- Poison Parsley
Hemlock (botanical name, Conium maculatum) belongs to the Apiaceae family. It may be noted that the hemlock belongs to the great order Umbelliferae – the plant family which also includes carrot, parsley, fennel and parsnip.
Hemlock is basically a tall plant akin to cow parsley and wild chervil that grows up to a height of two meters (6 feet) from a split and light yellowish root. When the plant grows in sheltered conditions, it may even grow to double its normal height. The plant has a strong and vivid green stem which is even and marked with purple or profound reddish blotches. The leaves of hemlock are deep green, feather-like and emerge in groups of three. When crushed or bruised, the leaves of hemlock emit a disagreeable and unappeasable odor. The plant bears petite white umbrella-shaped cluster of flowers that are lacy. These flowers give rise to fruits or seeds that are akin to caraway. The plants bears small fruits, approximately one-eighth of an inch in length, are broad, creased and compacted sideways, but otherwise having a smooth surface.
During the first year of the plant’s growth, it produces abundant leaves and the leaves at the base of the plant are extremely large, sometime growing up to two feet in length. The leaves of hemlock appear alternately, have extended stalks, and are tripinnate – split along the midrib into opposed pairs of leaflets. These leaflets are further divided and sub-divided in the same way. On the other hand, leaves growing on the upper parts of the plant are comparatively smaller and almost without any stalk. However, they have short expanded footstalk that clasp to the stem, generally appearing opposite to each other or in groups of three. These leaves are oblong-shaped, dipinnate or pinnate (having leaflets positioned on every side of a common stalk), somewhat smooth, having a pale green hue with jagged edges and every tooth tipped with a miniscule, prickly white point.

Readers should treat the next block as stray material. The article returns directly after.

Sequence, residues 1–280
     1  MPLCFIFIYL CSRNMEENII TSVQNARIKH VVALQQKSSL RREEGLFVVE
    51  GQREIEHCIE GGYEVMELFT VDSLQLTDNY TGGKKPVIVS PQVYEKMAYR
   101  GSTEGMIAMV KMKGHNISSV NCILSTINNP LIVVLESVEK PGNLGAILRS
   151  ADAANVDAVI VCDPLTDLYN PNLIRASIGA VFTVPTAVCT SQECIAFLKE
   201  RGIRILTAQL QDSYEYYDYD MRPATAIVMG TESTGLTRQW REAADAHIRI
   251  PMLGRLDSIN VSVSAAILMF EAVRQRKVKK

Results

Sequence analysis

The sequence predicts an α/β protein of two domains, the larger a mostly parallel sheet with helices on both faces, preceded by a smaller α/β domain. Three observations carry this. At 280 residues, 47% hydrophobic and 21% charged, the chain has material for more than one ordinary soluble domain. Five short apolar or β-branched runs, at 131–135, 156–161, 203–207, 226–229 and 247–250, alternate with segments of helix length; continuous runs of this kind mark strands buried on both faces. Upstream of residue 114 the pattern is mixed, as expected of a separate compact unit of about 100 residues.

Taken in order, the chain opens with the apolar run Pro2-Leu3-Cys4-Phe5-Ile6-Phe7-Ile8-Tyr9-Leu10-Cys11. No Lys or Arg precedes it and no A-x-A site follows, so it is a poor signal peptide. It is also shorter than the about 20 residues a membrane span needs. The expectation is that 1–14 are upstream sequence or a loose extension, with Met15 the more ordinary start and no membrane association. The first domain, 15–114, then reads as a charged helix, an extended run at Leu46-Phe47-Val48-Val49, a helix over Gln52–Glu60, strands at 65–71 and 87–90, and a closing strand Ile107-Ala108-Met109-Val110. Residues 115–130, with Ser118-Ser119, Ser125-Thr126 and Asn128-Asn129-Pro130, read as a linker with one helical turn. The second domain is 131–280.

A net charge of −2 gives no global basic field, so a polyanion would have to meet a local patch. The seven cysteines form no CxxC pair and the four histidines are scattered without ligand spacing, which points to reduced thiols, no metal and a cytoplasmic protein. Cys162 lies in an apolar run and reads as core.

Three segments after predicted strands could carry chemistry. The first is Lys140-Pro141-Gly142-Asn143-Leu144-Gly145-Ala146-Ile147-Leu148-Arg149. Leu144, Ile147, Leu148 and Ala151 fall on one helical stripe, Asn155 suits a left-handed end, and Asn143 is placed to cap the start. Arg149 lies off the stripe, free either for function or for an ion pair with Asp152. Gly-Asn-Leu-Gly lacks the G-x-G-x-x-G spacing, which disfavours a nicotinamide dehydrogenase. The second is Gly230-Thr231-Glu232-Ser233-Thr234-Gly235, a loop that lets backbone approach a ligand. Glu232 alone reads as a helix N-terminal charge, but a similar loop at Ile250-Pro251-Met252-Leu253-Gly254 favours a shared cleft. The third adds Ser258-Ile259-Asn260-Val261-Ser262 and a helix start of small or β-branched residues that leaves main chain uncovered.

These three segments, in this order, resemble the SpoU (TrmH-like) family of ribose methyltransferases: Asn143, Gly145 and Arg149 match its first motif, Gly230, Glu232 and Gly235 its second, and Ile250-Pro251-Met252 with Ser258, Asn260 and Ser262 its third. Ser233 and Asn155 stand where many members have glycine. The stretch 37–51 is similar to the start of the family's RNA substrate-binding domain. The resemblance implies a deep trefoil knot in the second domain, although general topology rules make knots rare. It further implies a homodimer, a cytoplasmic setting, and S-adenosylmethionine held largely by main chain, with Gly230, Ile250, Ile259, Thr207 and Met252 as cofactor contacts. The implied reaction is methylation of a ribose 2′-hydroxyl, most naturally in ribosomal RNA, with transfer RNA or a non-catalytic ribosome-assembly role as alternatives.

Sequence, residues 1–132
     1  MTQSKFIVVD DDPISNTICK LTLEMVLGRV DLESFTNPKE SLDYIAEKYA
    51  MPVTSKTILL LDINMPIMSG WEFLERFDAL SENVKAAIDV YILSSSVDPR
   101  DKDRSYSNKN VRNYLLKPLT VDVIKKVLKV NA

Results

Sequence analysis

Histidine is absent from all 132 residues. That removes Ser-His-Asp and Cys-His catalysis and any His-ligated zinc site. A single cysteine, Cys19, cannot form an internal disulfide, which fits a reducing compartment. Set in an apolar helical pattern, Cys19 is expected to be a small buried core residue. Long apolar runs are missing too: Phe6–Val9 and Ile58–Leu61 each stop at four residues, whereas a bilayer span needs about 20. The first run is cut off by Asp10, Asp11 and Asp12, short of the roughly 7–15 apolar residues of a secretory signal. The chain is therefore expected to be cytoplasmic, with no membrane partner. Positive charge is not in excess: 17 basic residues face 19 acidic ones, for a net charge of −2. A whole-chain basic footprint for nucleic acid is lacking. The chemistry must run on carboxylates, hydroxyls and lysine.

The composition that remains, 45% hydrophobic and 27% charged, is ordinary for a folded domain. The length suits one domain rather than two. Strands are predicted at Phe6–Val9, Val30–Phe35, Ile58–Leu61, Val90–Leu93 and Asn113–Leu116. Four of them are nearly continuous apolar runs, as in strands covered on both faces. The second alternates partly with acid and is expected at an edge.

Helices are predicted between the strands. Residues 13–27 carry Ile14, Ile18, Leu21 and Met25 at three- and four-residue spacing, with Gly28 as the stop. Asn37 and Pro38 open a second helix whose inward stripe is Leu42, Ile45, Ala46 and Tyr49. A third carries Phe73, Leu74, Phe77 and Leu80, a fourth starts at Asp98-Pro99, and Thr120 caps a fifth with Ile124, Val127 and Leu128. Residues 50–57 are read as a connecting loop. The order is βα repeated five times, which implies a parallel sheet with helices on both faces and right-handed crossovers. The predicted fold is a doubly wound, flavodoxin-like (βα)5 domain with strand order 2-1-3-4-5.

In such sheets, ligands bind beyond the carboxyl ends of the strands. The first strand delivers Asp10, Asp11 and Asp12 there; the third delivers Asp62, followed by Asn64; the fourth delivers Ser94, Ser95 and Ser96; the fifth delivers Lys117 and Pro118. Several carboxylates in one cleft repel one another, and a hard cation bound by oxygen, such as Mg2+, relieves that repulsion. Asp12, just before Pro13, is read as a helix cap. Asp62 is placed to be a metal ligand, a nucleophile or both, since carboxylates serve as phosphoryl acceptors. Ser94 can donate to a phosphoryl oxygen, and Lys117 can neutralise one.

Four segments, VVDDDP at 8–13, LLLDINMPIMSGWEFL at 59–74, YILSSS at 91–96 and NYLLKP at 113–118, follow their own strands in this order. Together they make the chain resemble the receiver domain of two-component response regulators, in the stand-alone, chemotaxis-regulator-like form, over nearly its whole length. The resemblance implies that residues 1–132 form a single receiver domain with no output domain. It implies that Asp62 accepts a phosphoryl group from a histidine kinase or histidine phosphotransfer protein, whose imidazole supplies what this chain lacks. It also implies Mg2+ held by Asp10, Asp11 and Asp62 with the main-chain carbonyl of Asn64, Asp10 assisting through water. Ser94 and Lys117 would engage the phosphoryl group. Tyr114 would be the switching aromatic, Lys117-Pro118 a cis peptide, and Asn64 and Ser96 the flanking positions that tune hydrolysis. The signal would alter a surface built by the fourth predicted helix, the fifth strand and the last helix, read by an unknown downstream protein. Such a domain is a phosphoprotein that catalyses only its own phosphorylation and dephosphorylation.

The umbels (a cluster of flowers wherein some flower stalks or pedicels, almost equivalent in length, extend from a common center) are somewhat small, around 1 ¼ to 2 inches in width, plentiful, appearing in the terminals on somewhat short flower stalks having around 12 to 16 rays to the umbel. There are around four to eight lance-shaped, bent down specialized leaf-like parts at the base of the primary umbel, while there are three to four extending bractlets at the base of the smaller umbels. The flowers of hemlock are petite, having white petals with a point that is bent down towards the stem. The stamens of the flowers are just a little longer compared to the petals and have white anthers.